Culture shock can be a brutal affliction.
Miles away from home, in a land where nothing is familiar and cut off from your family and friends, the first few months of an expats can prove to be difficult even for the strongest of individuals. The effects of culture shock can vary in their severity, some people simply feel a bit blue form time to time, while some people may actually experience physical sickness as a result.
What’s important to remember is that culture shock is a completely natural facet of moving to a new country, and as mentioned almost all expats will experience at one time or another. It’s also important to know that the effects of culture shock will certainly fade over time, so let’s take a look at some effective tips of making culture shock disappear sooner rather than later.
The first step of beating culture shock is recognise its existence. Don’t be one of those people who bury problems, and their head, in the sand. If you fully expect to embark on a proverbial emotional rollercoaster then it will be that much easier to get off as opposed to continuously riding.
Integration is key to battling culture shock. Get to know the place, stroll around and take in the local sights. Explore your local area and develop a good awareness of your new surroundings, that way you won’t be left wanting if you fancy dinner in a restaurant, a local drink or a pack of cigarettes late at night.
Stay in touch with loved ones back home
If missing your friends and family is one of the min reasons for feeling homesick, then get in touch! Gone are the days when a faraway trip truly disconnected you from loved ones, now there is a plethora of ways to connect with people. Write an email, exchange a tweet, leave a Facebook comment, make a Skype video call. The internet has given us many wonderful ways to stay connected and there’s no reason why you shouldn’t take advantage of every one of them.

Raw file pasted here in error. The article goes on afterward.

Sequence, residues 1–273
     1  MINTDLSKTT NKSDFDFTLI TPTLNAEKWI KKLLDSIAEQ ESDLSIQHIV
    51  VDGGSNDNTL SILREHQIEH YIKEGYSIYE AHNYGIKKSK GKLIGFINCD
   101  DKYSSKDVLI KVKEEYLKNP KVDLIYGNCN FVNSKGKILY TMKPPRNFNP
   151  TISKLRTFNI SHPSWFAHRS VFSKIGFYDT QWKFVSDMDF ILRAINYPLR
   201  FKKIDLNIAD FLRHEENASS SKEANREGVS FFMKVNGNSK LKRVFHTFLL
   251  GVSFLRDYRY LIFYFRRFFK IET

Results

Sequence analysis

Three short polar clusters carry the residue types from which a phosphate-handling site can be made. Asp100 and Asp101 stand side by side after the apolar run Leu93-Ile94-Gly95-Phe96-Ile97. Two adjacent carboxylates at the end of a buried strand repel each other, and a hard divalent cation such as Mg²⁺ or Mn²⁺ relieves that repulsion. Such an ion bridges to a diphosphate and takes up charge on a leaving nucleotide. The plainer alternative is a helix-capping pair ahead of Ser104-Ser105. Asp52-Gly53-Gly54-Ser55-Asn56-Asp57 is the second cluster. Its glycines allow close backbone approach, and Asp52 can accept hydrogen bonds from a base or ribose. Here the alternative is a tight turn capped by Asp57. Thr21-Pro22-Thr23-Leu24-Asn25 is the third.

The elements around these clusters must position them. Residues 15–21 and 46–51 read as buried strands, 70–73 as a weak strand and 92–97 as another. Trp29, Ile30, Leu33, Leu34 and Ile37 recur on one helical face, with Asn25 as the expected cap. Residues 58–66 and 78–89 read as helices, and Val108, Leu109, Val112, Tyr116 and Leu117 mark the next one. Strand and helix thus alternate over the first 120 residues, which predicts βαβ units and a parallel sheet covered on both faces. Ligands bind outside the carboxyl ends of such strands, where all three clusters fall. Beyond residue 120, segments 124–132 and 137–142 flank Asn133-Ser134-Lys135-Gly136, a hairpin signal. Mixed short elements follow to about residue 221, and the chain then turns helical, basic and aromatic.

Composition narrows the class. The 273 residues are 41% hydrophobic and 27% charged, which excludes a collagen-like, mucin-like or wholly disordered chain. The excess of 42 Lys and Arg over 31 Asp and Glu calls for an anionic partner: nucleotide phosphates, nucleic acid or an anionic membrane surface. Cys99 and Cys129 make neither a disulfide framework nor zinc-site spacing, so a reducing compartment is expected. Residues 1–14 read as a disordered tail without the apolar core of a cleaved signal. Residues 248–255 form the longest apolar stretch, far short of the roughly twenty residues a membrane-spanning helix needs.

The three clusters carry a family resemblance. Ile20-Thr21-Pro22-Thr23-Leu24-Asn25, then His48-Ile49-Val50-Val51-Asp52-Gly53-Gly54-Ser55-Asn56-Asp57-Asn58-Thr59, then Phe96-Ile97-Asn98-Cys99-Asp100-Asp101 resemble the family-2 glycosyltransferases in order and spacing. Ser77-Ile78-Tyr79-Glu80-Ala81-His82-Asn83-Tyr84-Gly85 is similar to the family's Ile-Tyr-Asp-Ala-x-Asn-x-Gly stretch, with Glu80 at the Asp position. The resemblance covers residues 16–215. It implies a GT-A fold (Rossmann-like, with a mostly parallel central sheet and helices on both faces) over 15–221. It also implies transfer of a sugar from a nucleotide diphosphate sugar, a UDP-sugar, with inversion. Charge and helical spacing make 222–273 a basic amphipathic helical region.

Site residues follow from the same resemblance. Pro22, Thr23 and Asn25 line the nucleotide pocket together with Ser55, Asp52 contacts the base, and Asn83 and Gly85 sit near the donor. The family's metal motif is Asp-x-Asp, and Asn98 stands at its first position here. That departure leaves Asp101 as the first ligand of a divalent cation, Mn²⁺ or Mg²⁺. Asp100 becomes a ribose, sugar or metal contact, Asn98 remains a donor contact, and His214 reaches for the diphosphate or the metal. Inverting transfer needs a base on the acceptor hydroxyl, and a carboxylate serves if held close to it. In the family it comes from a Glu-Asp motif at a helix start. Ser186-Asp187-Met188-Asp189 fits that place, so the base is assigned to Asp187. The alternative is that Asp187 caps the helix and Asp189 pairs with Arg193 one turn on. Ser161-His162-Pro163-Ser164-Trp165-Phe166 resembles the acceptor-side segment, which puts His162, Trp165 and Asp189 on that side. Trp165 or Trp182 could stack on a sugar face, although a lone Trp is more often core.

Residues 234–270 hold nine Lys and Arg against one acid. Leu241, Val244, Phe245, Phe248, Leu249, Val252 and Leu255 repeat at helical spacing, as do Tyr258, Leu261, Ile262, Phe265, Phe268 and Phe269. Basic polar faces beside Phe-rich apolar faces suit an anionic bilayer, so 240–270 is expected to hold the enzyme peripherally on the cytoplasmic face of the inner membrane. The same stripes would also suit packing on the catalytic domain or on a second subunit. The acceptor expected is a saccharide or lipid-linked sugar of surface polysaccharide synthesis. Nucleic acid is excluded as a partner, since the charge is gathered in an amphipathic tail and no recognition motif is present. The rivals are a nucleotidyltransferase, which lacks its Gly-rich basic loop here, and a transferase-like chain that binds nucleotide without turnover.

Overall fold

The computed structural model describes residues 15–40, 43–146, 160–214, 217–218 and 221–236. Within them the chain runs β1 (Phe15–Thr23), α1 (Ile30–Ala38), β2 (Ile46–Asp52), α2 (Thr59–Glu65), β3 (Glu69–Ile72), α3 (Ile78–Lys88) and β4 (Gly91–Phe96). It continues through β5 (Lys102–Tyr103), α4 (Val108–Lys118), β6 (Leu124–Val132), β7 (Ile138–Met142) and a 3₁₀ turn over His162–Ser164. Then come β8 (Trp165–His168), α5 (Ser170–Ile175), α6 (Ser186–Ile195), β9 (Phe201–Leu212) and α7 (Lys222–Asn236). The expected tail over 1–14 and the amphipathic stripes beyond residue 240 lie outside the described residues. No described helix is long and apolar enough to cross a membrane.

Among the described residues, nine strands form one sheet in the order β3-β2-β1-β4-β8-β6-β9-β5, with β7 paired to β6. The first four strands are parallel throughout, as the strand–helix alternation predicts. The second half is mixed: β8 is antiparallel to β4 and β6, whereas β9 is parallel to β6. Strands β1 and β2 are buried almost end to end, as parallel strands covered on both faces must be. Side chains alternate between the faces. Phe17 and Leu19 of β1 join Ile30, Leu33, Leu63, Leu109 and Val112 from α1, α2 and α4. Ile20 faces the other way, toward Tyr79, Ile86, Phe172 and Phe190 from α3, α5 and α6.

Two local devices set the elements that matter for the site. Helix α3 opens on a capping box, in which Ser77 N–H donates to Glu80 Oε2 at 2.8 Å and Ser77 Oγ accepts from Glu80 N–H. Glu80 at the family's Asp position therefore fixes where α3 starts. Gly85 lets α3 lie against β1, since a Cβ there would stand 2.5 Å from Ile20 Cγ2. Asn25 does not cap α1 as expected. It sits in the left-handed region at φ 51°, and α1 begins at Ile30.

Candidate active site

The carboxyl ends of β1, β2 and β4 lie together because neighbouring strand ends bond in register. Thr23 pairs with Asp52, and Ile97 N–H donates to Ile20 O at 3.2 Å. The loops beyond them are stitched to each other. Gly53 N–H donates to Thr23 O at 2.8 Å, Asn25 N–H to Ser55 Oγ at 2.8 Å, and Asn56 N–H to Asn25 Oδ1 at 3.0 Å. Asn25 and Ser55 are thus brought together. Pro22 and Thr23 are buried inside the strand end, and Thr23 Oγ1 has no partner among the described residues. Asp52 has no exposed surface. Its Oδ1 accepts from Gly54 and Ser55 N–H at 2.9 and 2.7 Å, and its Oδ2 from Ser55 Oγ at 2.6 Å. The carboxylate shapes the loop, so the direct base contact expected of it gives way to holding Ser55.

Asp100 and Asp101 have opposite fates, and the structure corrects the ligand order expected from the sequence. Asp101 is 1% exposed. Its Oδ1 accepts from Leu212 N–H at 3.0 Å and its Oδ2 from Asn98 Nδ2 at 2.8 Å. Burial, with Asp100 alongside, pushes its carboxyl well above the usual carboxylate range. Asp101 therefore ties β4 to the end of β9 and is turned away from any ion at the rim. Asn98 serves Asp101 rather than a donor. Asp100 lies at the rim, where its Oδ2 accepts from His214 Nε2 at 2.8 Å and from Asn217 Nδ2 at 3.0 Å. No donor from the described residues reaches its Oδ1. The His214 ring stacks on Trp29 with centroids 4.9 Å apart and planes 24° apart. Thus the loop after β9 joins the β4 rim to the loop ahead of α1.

Learn the language
Learning, or picking up the basics, of the native language of your new home is absolutely vital for expatriates. Doing so will let you connect with the people around you in a real way, as opposed to that of a fleeting visitor. So it’s recommended that you take perhaps a beginners course to fill you in on the local lingo.
Fill your time
When you’re not working make sure you keep busy to avoid boredom and homesickness. Take up a hobby, join a gym, get involved with a local sports team or whatever your interests may be.
Explore your new country
Travelling around your new home could be a great and rewarding activity. Ignore the fact that you’re an en expat and think like a tourist, visit the sights, go on tours, and importantly learn as much about the place as possible.
Make friends and socialise
This step is potentially the one that will banish culture shock the most effectively. Make as many new friends as possible, take up all invitations to social events through work, maybe find other expats to socialise with too.
Do your research
You can also help yourself by learning about the customs and ways of life in your new country before you travel there. That way, if there are aspects of life that differ greatly you may not find them to be as drastically different as if you travel with no prior knowledge.